As a man, here's my male opinion on the matter. I can understand very well where your man is coming from when he says he is more reserved than in the past. See, society as a whole teaches us (in a wide variety of ways) that in order to be a man, we must be stoic, strong, immovable rocks amidst the turbulent ocean that is the craziness of life. Men are discouraged in a lot of ways from expressing emotions other than 'manly' ones - happiness or anger - and that definitely encompasses speaking about them openly for that matter. The thing is, even though we (men) tend to appear often emotionless or lacking in emotion, we're still very much feeling them. Most of us simply never took the time to learn how to express them fully, because society discourages it and we're likely to receive criticism from our peers about being overly dramatic crybabies.

As a man, let me also state that nothing, and I mean nothing, can break down a man into a shell of himself more than the pain of being abandoned by a long term partner who he loves. It's an evolutionary biological response that is hardwired into men's brains across tens of thousands of years of reproduction. The loss of a partner meant that the man's genes would not be propagated throughout future generations, and whether we understand this or not, we (men) are built with an extremely strong drive to guarantee the continued success of our genetic composition amidst a competitive and hostile environment, where up until quite recently, death was always lurking around the corner and the only way to guarantee the survival of our genes was to reproduce as much as possible. This genetic 'survival competition' is the subtle foundation of racism, the foundation of tribal warfare, and also the foundation of a man's pain at the rejection from a long term partner. It is a very powerful force, indeed! And it punishes us quite severely when relationships break apart.

Various studies have been done on the subject of infidelity that back up this statement. When asked whether an individual would be more hurt by emotional infidelity or physical infidelity, women tended to be more hurt by emotional infidelity whereas men tended to be more hurt by physical infidelity. And that reflects the different roles in society that men and women have historically played - an emotional connection with another woman represents a threat to the sanctity of a woman's relationship with her man, and that is why she would be more hurt by emotional infidelity. A physical connection with another man represents a threat to that man's genetic survival, which is why men are more hurt by physical infidelity. It all comes down to biology.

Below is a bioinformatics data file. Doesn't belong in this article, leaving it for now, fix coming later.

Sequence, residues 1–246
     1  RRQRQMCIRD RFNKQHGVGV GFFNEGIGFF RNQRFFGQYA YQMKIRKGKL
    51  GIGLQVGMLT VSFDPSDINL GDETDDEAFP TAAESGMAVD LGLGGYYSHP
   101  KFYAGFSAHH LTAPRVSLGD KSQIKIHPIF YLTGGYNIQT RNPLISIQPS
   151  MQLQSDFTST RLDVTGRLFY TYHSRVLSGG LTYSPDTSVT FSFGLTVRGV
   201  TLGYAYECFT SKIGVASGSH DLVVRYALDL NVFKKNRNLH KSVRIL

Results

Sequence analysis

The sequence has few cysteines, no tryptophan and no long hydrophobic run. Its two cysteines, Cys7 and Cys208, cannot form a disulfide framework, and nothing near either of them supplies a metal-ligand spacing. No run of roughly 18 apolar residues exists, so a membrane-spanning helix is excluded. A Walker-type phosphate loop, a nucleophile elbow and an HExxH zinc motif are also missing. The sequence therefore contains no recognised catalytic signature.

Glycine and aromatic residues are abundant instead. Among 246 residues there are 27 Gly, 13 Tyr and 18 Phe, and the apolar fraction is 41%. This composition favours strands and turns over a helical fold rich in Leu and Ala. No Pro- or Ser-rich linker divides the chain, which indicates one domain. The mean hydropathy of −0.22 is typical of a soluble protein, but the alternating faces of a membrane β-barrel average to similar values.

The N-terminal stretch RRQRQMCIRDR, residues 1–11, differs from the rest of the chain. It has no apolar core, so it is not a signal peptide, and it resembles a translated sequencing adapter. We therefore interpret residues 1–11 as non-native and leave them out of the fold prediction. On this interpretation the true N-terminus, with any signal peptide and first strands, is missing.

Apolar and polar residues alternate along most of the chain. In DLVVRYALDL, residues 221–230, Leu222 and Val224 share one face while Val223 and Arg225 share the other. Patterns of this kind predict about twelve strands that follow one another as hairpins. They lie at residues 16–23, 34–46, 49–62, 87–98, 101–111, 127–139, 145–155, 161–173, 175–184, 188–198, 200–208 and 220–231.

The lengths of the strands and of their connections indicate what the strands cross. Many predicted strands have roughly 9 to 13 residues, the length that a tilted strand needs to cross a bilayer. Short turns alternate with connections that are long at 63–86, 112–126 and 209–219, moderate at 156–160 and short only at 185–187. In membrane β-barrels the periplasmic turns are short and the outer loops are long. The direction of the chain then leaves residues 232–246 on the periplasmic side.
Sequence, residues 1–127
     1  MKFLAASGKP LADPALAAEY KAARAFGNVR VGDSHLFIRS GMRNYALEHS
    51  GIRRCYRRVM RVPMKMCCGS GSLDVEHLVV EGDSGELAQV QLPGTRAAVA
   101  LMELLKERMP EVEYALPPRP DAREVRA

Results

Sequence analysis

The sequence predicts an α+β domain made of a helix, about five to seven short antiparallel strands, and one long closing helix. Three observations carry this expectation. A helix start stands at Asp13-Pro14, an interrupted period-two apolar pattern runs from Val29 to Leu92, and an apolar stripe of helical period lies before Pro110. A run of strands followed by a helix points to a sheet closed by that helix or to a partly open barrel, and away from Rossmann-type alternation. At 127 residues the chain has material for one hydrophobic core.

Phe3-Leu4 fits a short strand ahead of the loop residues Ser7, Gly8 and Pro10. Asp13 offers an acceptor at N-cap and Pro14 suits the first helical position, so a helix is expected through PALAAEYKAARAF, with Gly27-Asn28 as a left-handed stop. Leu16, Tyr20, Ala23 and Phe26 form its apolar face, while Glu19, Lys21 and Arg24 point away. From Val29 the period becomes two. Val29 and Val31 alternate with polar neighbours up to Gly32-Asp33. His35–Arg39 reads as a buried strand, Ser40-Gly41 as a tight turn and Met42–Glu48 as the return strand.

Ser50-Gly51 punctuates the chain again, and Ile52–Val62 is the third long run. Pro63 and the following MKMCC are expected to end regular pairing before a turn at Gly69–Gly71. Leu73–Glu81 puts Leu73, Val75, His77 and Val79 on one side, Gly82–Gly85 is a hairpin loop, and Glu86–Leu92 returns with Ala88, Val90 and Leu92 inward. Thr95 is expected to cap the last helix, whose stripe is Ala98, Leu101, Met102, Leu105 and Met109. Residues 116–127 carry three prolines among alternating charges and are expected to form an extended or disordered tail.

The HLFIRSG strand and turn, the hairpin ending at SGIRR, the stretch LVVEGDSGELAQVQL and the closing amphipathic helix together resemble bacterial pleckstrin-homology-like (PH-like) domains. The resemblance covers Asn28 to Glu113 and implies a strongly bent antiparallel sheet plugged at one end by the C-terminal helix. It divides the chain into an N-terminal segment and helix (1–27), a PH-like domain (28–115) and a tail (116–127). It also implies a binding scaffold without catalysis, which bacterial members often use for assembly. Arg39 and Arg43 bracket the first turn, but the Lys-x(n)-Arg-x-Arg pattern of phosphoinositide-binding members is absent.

Coming from the position of being broken down by a failed marriage, I can unequivocally state that I am already beyond the extreme with regard to caution in letting myself be vulnerable to another woman. The thing about being hurt is that it naturally makes you more cautious. Personally, I abhor the phrase "I love you." I can't stand it. That doesn't mean I don't feel love for a person, but I've heard that phrase spoken through lying teeth far too much to place any value in it. A great deal of men aren't likely to tell a person that they love them, they're far more likely to show them through some kind of action of appreciation. Buying them flowers, washing the dishes, making a surprise dinner, going out to a fancy restaurant, giving a back massage. It's how we were taught growing up, we didn't talk about our feelings, we acted them out. For a lot of men, especially ones who have been burned in the past, words are like clouds in the sky - intangible, and passing just as quickly. It's the unnecessary gestures a man makes that measures his appreciation.

So to summarize this long-winded post, let me just state that coming from a man's point of view, I wouldn't want a partner to expect me to be their primary source of emotional fulfillment, because I don't want a partner to be my primary source of emotional fulfillment. It's my job to make myself happy, not anybody else's, and I can't make myself responsible for somebody else's happiness. If I find that some aspect of a relationship is undesirable, I have to make a decision as to whether the good outweighs the bad, or the bad outweighs the good, and act accordingly.
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Old 11-29-2016, 03:15 AM
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Hi lizatola, about the "I love you" issue: I'm with Anvil, I very rarely hear this and when I do it's likely to be in connection with travel without each other. Once in a while I'd like a bit more romance. But for the most part this does not bother me at all. My guy *shows* me he loves me and this is a zillion times better than other relationships. Particularly what I think of as my "soul mate" relationship that was super intense on passion and romance but sorely lacking in trust and emotional stability.

But that's me. It seems the lack of romance bothers you a lot and your feelings are completely valid.

The car thing - I agree with the others, that is rather controlling and unfair as is your financial arrangement. Perhaps you need to re-negotiate finances. IMO he should be open to this. If he isn't, it's up to you to decide if this is a deal point or not.
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Old 11-29-2016, 05:14 AM
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Liz....your feelings are valid (all feelings are). You have a right to them....and, I am glad you aren't stuffing them.

I have a hunch that there is a bit more, under the surface than JUST because he can't say "I love you".....
An intimate interpersonal relationship is complex..with lots of nuances. Only the people actually in the relationship can know what they all are.....

In my own experience, anything that is "niggling", early on, in the relationship--doesn't go away...it just gets bigger, over time--especially, in times of stress.....

Liz...be true to yourself....